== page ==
NSW Minister for Police and Emergency Services David Elliott appealed to employers to make sure they support “in any way possible, any volunteers that are on your staff”.
“To those who have got family members that are in the agencies, particularly the RFS, please give them our love and support.”
Australian Workers Union national secretary Daniel Walton said work had stopped on some road projects including the NorthConnex tunnel and the M1 Pacific Highway.
“At sites where there is a clear threat to well-being we are stopping work,” he said.
“We are calling on all employers to take a common sense approach and protect the health and safety of their workforce. If they don’t there will be more stoppages.”
Mr Walton said the union’s health and safety representatives were actively monitoring air quality.
“For outdoor workers the threat posed by bushfire smog is serious, especially those with persisting lung conditions,” he said.
A spokeswoman for NSW Transport Minister Andrew Constance said work stopped overnight on Thursday on the Tuggerah to Doyalson M1 Pacific Motorway upgrade because of unsafe visibility.
“All workers were sent home on this project, apart from the ones able to work in airconditioned cabs using recycled air,” she said.
The spokeswoman said no work schedules had been disrupted on the New M5 or NorthConnex.
“If individual workers are classed as sensitive to changes in air quality, they may have stayed home, however there was no official work shut down for New M5 works,” she said.
Australian Services Union NSW secretary Natalie Lang said the union had contacted Sydney Water and had received no response in relation to the impact on outdoor workers, including civil maintenance staff, of ongoing pollution levels.
A Sydney Water spokeswoman said the safety of its employees is a “top priority”.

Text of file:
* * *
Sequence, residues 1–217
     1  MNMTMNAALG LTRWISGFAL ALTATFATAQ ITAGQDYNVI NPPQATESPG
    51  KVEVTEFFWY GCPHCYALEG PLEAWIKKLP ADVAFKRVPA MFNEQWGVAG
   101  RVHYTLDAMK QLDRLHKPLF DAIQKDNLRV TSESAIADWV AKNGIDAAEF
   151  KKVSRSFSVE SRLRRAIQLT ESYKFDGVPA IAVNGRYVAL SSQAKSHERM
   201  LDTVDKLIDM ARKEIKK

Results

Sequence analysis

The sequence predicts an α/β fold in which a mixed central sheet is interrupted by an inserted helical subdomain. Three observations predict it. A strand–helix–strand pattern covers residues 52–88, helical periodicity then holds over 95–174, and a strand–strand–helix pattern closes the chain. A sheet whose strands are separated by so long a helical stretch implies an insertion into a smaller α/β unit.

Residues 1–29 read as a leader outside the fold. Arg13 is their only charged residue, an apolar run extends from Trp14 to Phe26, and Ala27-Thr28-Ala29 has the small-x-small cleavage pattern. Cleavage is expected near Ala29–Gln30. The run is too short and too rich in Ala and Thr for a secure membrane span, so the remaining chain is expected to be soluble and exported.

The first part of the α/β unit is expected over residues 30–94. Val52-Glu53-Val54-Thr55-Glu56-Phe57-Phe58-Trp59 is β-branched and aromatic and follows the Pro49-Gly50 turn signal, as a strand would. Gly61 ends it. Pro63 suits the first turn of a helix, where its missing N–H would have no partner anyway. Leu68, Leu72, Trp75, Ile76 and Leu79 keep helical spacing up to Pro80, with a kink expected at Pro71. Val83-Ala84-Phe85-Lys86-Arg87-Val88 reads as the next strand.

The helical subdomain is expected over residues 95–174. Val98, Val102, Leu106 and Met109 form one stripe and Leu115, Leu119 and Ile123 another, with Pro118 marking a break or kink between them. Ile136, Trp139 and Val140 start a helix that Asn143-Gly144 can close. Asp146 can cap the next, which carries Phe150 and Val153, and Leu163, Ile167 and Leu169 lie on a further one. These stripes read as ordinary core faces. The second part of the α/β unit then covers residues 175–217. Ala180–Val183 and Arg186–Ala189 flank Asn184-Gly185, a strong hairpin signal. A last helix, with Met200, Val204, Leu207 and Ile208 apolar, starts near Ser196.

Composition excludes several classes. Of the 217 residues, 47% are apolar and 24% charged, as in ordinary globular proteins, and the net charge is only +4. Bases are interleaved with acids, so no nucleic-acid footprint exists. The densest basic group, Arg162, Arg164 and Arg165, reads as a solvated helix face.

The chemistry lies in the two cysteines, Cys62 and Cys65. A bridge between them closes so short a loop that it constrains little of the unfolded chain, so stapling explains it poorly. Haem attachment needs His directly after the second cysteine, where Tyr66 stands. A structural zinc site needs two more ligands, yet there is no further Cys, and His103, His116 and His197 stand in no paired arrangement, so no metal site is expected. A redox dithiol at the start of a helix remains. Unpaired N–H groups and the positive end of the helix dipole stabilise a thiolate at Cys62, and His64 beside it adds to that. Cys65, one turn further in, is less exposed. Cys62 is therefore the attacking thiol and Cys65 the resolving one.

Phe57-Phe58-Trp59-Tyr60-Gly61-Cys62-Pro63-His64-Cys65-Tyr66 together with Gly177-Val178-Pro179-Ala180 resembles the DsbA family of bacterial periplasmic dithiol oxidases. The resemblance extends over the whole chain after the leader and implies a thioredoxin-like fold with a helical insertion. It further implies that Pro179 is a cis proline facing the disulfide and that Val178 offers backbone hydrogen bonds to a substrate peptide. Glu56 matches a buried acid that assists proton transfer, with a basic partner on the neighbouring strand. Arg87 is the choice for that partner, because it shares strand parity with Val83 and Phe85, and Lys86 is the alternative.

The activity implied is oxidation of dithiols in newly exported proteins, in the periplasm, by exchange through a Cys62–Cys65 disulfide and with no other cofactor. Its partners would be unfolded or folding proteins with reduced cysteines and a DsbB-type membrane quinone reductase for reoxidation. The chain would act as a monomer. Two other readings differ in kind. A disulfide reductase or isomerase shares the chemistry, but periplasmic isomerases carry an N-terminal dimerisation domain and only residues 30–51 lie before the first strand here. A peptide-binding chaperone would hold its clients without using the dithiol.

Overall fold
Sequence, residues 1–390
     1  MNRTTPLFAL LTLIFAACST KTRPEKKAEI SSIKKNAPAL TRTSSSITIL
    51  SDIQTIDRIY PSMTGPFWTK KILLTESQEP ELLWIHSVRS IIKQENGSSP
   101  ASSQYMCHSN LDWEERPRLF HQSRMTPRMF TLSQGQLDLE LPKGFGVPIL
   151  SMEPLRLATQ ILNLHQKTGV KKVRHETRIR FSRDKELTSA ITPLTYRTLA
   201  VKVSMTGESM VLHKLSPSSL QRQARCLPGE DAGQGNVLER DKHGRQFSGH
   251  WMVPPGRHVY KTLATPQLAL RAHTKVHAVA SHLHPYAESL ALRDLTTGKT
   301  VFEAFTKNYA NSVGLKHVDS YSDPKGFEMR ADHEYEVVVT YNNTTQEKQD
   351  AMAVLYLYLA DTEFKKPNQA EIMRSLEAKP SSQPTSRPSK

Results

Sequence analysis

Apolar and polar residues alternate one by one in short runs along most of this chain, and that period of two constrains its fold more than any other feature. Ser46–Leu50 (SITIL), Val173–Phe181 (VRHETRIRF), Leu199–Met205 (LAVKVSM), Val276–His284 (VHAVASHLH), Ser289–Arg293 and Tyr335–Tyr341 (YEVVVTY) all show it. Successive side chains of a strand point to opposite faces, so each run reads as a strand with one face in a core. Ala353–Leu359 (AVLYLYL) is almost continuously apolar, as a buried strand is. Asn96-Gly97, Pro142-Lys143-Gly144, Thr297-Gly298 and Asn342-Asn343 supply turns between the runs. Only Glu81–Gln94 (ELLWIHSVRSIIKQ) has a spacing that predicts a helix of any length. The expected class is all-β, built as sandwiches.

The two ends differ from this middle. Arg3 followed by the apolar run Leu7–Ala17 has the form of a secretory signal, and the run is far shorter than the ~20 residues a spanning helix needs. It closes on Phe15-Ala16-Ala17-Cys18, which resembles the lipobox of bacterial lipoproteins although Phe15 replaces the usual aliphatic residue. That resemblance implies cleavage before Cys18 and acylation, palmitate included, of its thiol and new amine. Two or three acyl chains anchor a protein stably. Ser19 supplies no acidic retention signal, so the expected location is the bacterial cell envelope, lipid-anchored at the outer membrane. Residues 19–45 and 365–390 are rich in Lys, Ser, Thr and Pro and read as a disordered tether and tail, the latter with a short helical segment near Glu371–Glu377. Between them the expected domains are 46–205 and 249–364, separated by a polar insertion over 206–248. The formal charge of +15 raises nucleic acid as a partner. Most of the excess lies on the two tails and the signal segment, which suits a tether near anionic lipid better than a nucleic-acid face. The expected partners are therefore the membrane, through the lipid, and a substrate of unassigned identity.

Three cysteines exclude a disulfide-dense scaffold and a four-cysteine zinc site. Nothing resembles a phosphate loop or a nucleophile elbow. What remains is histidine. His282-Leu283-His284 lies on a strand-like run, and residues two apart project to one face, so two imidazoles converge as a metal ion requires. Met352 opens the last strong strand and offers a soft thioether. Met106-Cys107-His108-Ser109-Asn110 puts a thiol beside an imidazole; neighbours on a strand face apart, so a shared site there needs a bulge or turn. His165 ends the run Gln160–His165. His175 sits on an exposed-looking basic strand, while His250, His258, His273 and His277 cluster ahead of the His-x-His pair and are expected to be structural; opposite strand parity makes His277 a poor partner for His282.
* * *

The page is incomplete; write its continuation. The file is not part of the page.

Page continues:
“We have actively encouraged employees, especially people with heart or lung disease to avoid outdoor activity and stay inside as much as possible,” she said.
“As soon as air quality became hazardous, we issued a safety alert and stressed that non-essential work outdoors should be postponed and encouraged employees to work to the conditions and take additional breaks.”
Maritime and electrical trade unions have also advised members to down tools.
Port Botany terminal operator DP World confirmed dock workers who downed tools on Thursday had returned to work overnight.
Construction, Forestry, Maritime, Mining and Energy Union (CFMMEU) NSW secretary Darren Greenfield said members have been advised to respond to the smoke in the same way they would to inclement weather to protect their health.
The United Services Union, which represents local government, energy, airline and clerical and administrative employees throughout NSW and the ACT, has issued a warning to workers to immediately stop work and move to a safe place and seek medical attention if they feel ill.
Anna Patty is Workplace Editor for The Sydney Morning Herald. She is a former Education Editor, State Political Reporter and Health Reporter.